Mystery, indeed!

Additionally, the company seems to have introduced stock splits sometime in the early 20th century. New York Times articles confirm 4-to-1 splits in 1926 and 1930 and a 3-for-1 split in 1954. Assuming these to be the only splits from that era -- which may be an incorrect assumption -- we can roughly calculate what our 15-share investment would have been worth by 1962, when records become a lot clearer.

Doing the math

I've divided the table below into periods between the stock splits that we know of. I've used price and dividend information from back issues of The New York Times to estimate an average per-share price from the time period and an average annual dividend yield from the period. I've then used those estimates to compute how much this would add to our total if reinvested. Then, I've converted that investment into a total number of shares, which I split for the start of the next period.

Time Period Between Known GE Stock Splits Number of GE Shares Owned at Start of Period Average Price per Share (est.) Average Annual Dividend Yield (est.) Value of Investment at End of Period  Number of Shares at End of Period
1889-1926 15 $140 10% $11,160 31
1926-1930 124 $60 6% $6,280 157
1930-1954 628 $80 3% $114,000 950
1954-1961 2,850 $58 3% $261,675 3,489

Data source: The New York Times historical issues, accessed via ProQuest. Estimates and calculations by author.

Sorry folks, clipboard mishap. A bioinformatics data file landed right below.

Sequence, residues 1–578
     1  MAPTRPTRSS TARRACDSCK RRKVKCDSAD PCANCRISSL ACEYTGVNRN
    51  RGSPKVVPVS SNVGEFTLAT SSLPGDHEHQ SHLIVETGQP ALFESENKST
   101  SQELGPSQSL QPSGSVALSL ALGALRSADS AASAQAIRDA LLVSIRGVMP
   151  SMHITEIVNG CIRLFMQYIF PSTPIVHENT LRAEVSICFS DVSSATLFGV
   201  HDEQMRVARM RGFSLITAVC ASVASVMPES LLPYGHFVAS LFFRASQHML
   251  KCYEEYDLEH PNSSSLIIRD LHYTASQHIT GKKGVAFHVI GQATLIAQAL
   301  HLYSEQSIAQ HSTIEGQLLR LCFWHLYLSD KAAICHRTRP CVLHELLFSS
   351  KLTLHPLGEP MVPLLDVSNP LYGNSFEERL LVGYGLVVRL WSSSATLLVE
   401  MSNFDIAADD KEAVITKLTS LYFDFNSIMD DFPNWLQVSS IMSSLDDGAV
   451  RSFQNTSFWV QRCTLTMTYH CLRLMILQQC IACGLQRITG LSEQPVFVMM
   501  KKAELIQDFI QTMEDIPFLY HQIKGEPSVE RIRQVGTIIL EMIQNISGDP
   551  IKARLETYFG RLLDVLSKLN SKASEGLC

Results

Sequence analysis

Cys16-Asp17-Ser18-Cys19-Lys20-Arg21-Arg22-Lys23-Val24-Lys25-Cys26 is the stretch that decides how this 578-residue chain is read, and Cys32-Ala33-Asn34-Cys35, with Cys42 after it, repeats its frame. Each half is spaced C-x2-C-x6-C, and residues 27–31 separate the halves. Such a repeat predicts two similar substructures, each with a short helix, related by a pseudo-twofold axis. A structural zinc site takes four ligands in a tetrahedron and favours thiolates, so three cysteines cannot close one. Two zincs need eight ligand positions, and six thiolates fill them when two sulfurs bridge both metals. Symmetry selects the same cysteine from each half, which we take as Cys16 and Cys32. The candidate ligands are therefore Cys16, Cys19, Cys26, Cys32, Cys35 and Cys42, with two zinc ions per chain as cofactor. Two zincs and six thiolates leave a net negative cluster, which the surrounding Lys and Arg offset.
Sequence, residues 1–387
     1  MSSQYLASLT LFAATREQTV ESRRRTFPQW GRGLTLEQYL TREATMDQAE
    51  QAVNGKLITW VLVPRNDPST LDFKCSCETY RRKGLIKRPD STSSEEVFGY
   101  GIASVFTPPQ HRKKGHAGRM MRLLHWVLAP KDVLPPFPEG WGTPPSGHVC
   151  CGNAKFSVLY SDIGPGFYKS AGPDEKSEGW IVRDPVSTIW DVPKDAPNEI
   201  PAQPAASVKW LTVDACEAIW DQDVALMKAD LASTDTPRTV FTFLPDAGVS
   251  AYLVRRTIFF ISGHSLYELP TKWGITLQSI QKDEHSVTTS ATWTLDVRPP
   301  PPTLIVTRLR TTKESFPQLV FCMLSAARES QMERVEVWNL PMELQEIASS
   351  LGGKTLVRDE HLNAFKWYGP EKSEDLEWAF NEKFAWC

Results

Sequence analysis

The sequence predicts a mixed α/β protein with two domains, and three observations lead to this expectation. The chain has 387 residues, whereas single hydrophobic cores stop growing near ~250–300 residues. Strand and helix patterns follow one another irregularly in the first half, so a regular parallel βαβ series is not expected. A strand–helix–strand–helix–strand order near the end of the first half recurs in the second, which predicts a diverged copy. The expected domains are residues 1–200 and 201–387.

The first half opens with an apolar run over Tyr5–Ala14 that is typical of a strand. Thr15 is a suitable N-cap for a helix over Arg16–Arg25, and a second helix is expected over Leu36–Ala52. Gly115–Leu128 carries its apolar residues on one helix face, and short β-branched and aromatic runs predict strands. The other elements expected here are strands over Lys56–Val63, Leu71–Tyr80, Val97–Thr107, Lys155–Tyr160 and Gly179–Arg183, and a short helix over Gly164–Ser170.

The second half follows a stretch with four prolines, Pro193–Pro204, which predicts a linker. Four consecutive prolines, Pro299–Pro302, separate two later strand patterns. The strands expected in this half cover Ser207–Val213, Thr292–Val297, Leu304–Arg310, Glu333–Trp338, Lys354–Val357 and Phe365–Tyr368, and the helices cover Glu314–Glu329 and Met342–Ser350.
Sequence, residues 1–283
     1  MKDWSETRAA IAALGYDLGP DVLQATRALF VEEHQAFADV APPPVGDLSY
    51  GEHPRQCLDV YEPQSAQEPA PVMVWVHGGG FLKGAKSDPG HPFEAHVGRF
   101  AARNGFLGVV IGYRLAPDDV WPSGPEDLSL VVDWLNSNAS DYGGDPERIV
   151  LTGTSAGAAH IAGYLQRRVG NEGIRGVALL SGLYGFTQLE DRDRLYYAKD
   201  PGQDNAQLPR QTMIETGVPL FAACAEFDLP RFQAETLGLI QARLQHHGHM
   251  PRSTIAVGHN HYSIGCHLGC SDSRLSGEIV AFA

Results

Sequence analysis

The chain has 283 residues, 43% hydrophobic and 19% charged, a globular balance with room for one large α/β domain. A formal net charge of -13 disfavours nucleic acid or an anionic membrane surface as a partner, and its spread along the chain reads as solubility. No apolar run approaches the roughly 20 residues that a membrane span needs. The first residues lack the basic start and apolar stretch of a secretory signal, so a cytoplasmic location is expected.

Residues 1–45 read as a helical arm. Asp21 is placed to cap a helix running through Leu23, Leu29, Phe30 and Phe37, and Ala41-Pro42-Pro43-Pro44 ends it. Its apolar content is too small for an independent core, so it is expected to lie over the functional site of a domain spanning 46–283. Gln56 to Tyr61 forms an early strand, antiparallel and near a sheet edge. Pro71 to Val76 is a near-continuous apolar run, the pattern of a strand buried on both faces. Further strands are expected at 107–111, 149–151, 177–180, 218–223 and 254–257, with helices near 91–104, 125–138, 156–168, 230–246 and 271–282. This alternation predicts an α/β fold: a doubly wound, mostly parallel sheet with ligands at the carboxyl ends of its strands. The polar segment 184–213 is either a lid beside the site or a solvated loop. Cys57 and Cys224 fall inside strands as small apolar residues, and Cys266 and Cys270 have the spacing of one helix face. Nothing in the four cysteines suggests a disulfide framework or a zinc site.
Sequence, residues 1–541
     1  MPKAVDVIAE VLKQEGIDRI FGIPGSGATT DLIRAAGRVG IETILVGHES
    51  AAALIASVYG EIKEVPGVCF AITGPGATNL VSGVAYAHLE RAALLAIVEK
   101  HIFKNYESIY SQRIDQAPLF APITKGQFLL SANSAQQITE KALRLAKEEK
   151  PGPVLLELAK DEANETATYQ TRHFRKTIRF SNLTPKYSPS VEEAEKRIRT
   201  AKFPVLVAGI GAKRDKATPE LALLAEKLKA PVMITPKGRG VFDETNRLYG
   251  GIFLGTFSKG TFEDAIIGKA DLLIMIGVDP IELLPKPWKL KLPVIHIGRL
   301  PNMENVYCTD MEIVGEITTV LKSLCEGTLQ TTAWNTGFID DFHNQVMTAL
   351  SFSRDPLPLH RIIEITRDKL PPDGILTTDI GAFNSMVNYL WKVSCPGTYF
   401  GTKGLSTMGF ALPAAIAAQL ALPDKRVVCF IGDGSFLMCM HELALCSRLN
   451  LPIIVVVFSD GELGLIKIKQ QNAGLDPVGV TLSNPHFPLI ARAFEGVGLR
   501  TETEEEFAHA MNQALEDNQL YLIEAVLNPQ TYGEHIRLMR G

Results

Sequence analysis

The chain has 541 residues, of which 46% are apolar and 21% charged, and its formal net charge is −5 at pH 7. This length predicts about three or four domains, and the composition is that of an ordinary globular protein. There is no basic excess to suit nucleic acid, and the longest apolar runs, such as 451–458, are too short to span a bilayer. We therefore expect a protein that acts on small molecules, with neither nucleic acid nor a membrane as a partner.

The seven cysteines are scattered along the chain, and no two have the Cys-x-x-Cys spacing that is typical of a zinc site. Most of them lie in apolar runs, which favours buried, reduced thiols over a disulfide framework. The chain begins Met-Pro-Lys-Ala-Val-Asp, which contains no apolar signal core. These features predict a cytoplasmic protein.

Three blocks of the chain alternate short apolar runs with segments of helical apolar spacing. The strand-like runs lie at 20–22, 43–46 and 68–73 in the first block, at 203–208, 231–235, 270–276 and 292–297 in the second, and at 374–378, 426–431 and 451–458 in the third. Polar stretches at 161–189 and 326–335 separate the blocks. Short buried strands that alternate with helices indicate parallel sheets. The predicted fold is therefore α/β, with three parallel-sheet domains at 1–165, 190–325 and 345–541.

Again, this is a best-guess estimate, and it could be way off, depending if there are other unreported stock splits in this history, or other unaccounted-for extraordinary dividend payments. 

Then it gets easier

Luckily, GE has made public its historical information about stock splits and dividends from 1962 onwards, or about half of the company's history. While shares themselves have increased in value (factoring in splits) by 1,380% during that time, reinvesting the dividends would have netted you instead a 3,990% return.

That sounds impressive, but the S&P 500 has had a return (not including dividends) of 4,290% during that time, so GE has actually seriously lagged the market. If, however, you'd been savvy enough to sell at GE's all-time split-adjusted high in late 2000, you'd have seen more than a 10,000% return on your 1962 investment.

Applying our rough 1961 estimate to this subsequent performance, it looks as though a $1,000 investment at or near GE's IPO would today be worth roughly $10.7 million. That's certainly not chump change, and it's strong evidence that a "buy and hold" philosophy can generate significant wealth.

130 years and counting

While I certainly hope we'll be around to celebrate our 130th birthdays, most of us aren't going to hold onto a single investment for that long, even an investment in a blue chip like GE. The fact that GE's total return performance has lagged the S&P 500's ordinary returns shows the value of diversifying and reevaluating your portfolio on a regular basis. 

But despite its current woes, General Electric has clearly been a solid investment over most of its existence. 

This article represents the opinion of the writer, who may disagree with the “official” recommendation position of a Motley Fool premium advisory service. We’re motley! Questioning an investing thesis -- even one of our own -- helps us all think critically about investing and make decisions that help us become smarter, happier, and richer.